Loss of Fragile X Mental Retardation Protein (FMRP) causes developmental brain disorder that results in the most common heritable form of autism and intellectual disability. This revised renewal proposal continues to probe the genetic, molecular and cellular basis of this disease state in the developing brain, and directly tests therapeutic interventions aimed at correcting the brain developmental abnormalities.

Agency
National Institute of Health (NIH)
Institute
National Institute of Mental Health (NIMH)
Type
Research Project (R01)
Project #
2R01MH084989-03A1
Application #
8235312
Study Section
Developmental Brain Disorders Study Section (DBD)
Program Officer
Panchision, David M
Project Start
2008-07-01
Project End
2016-11-30
Budget Start
2011-12-15
Budget End
2012-11-30
Support Year
3
Fiscal Year
2012
Total Cost
$438,391
Indirect Cost
$157,371
Name
Vanderbilt University Medical Center
Department
Biology
Type
Schools of Arts and Sciences
DUNS #
004413456
City
Nashville
State
TN
Country
United States
Zip Code
37212
Doll, Caleb A; Broadie, Kendal (2016) Neuron class-specific requirements for Fragile X Mental Retardation Protein in critical period development of calcium signaling in learning and memory circuitry. Neurobiol Dis 89:76-87
Jiang, Hui; Hanna, Eriny; Gatto, Cheryl L et al. (2016) A fully automated Drosophila olfactory classical conditioning and testing system for behavioral learning and memory assessment. J Neurosci Methods 261:62-74
Doll, Caleb A; Broadie, Kendal (2015) Activity-dependent FMRP requirements in development of the neural circuitry of learning and memory. Development 142:1346-56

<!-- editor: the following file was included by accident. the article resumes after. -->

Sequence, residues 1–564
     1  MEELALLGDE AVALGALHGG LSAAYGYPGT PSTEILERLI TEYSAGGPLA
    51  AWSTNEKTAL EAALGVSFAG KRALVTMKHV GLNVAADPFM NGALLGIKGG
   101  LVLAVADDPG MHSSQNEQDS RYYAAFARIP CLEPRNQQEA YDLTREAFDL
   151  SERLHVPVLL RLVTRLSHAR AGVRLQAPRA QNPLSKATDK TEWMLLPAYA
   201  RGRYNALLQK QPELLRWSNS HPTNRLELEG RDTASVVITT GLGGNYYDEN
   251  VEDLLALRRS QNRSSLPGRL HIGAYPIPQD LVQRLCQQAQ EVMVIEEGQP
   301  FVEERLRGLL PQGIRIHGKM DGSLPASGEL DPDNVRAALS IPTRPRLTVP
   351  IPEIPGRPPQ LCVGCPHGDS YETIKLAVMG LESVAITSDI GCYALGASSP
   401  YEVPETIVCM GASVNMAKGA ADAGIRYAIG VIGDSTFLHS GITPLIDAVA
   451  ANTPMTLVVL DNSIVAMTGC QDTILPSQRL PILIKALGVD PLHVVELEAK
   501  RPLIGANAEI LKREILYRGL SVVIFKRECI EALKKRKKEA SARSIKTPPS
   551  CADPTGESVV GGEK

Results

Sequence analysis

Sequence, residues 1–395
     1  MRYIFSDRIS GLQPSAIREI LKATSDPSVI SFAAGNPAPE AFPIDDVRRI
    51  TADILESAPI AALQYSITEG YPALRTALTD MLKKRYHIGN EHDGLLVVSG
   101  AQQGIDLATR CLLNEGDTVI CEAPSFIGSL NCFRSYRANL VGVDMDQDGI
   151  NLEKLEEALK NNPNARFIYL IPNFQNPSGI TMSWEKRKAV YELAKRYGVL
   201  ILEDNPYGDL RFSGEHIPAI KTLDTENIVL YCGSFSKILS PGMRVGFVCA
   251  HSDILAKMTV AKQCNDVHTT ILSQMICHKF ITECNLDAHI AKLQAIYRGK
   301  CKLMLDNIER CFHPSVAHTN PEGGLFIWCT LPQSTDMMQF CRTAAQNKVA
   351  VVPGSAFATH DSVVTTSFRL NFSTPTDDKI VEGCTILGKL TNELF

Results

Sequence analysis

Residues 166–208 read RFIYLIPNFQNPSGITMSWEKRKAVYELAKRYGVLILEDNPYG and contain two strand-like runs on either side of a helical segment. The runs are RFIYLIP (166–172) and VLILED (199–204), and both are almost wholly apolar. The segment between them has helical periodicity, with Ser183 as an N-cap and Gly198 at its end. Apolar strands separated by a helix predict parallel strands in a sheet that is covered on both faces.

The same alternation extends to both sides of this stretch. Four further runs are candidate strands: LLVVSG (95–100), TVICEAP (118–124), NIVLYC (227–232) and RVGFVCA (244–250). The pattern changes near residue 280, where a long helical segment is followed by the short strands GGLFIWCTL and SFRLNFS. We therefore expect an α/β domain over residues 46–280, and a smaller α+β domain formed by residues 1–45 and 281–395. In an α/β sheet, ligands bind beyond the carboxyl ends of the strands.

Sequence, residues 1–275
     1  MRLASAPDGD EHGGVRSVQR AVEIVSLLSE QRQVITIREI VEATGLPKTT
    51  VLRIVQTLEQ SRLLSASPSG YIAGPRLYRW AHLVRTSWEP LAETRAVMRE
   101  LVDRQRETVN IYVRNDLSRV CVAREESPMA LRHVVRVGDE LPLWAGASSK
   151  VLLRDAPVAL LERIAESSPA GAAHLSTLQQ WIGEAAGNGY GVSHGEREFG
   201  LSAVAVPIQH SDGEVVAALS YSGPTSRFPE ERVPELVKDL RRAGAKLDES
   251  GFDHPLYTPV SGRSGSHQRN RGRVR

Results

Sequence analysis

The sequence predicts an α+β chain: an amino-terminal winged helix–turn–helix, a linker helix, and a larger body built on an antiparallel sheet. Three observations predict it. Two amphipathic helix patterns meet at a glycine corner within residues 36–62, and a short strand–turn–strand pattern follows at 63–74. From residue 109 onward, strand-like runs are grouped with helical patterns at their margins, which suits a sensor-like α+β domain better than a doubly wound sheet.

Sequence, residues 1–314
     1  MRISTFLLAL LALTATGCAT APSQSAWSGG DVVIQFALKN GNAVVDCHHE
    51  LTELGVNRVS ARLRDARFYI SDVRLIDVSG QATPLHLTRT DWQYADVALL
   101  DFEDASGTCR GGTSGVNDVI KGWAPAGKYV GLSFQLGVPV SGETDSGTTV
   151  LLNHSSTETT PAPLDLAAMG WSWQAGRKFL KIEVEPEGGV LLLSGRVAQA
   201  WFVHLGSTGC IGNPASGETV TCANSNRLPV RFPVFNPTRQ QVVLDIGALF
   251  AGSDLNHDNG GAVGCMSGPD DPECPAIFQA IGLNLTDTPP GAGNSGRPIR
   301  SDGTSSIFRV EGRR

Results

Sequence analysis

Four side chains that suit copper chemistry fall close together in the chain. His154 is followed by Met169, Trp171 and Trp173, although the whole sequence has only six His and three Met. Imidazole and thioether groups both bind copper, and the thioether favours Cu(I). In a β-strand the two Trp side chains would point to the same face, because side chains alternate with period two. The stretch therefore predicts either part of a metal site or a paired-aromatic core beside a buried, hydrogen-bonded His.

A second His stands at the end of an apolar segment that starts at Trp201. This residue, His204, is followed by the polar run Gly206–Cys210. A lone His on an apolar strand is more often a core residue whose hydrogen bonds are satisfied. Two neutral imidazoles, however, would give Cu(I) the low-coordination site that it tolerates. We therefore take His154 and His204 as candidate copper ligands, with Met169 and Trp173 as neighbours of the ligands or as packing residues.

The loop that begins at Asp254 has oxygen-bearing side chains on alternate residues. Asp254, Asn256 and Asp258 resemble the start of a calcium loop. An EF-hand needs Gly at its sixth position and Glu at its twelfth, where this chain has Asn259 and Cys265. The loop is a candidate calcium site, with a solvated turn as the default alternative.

Gatto, Cheryl L; Pereira, Daniel; Broadie, Kendal (2014) GABAergic circuit dysfunction in the Drosophila Fragile X syndrome model. Neurobiol Dis 65:142-59
Friedman, Samuel H; Dani, Neil; Rushton, Emma et al. (2013) Fragile X mental retardation protein regulates trans-synaptic signaling in Drosophila. Dis Model Mech 6:1400-13
Staples, Jon; Broadie, Kendal (2013) The cell polarity scaffold Lethal Giant Larvae regulates synapse morphology and function. J Cell Sci 126:1992-2003
Siller, Saul S; Broadie, Kendal (2012) Matrix metalloproteinases and minocycline: therapeutic avenues for fragile X syndrome. Neural Plast 2012:124548
Coffee Jr, R Lane; Williamson, Ashley J; Adkins, Christopher M et al. (2012) In vivo neuronal function of the fragile X mental retardation protein is regulated by phosphorylation. Hum Mol Genet 21:900-15
Dani, Neil; Nahm, Minyeop; Lee, Seungbok et al. (2012) A targeted glycan-related gene screen reveals heparan sulfate proteoglycan sulfation regulates WNT and BMP trans-synaptic signaling. PLoS Genet 8:e1003031
Tessier, Charles R; Broadie, Kendal (2012) Molecular and genetic analysis of the Drosophila model of fragile X syndrome. Results Probl Cell Differ 54:119-56